In Orange County, Maximus currently manages about 3,000 welfare-to-work cases of the roughly 5,000 total participants.
The firm’s current contract expires June 30, and social services executives are recommending that supervisors approve a new three-year contract today without opening the work to competitive bidding.
If approved, Maximus would receive an increase from $4.9 million per year to $6.3 million annually.
County staff suggest that the rise in cost is due to a new requirement that Maximus oversee case management “from the very initial stages of the client’s [welfare-to-work] process and maintain the case through the [welfare-to-work] event sequences.”
The staff report doesn’t explain how that differs from the firm’s current workload.
Additionally, it’s unclear why the contract wasn’t opened up to competitive bidding.
Moorlach also responded Monday to the revelation that Maximus gave maximum contributions to the campaign accounts of all five county supervisors.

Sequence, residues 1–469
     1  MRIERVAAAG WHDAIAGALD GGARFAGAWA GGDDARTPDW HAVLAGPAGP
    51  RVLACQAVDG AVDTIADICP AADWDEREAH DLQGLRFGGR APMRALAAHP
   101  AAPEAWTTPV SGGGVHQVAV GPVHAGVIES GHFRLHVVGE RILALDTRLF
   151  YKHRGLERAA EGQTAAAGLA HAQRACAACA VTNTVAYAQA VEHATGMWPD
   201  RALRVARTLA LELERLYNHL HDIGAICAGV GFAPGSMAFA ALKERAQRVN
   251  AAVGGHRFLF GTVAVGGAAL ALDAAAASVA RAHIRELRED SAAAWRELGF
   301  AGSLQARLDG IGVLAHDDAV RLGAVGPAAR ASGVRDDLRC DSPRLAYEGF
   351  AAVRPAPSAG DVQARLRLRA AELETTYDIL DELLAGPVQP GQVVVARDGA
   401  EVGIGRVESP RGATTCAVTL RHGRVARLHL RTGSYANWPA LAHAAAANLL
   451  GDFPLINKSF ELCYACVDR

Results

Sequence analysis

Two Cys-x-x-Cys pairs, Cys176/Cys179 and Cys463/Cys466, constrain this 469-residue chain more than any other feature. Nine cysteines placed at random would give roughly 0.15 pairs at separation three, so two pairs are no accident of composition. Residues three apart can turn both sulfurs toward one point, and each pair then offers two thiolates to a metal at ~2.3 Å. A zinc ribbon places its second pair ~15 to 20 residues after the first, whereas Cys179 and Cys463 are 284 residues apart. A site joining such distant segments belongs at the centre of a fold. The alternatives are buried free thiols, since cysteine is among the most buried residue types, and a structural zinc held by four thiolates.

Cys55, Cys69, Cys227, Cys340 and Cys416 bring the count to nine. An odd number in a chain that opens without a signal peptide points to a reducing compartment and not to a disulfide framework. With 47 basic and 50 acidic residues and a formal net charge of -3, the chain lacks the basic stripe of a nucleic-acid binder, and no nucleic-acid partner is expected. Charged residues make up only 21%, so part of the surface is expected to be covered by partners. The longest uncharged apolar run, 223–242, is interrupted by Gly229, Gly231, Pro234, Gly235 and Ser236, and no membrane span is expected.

In his “Moorlach Update” newsletter, Moorlach said that of the priorities he uses to vote for contractors, “how much they contributed to my campaign is not one of them.”
In an interview, Moorlach said he tells vendors that “just because you contribute to me doesn’t guarantee that I vote for you. I rely on the fact that the bid that you’re making is the lowest, most responsible bid in the pack. And I don’t really memorize who contributes to me.”
Campaign contributions, he added, shouldn’t automatically cast a bad light on contractors.
“Just because someone participates in the system, it doesn’t necessarily impugn them as bad vendors,” said Moorlach.
According to campaign records, Maximus gave a maxed-out $1,700 contribution to Supervisor Janet Nguyen in August 2009, as well as $1,700 to Supervisor Pat Bates’ campaign in 2010.
Supervisor Todd Spitzer’s campaign received $1,800 from the firm in 2011, while Supervisor John Moorlach received a $1,000 contribution in 2011 and another $800 the following year.
For supervisors’ Chairman Shawn Nelson, records show a $1,700 contribution in April 2010, another $1,700 in September 2010 and $1,800 in late June 2011.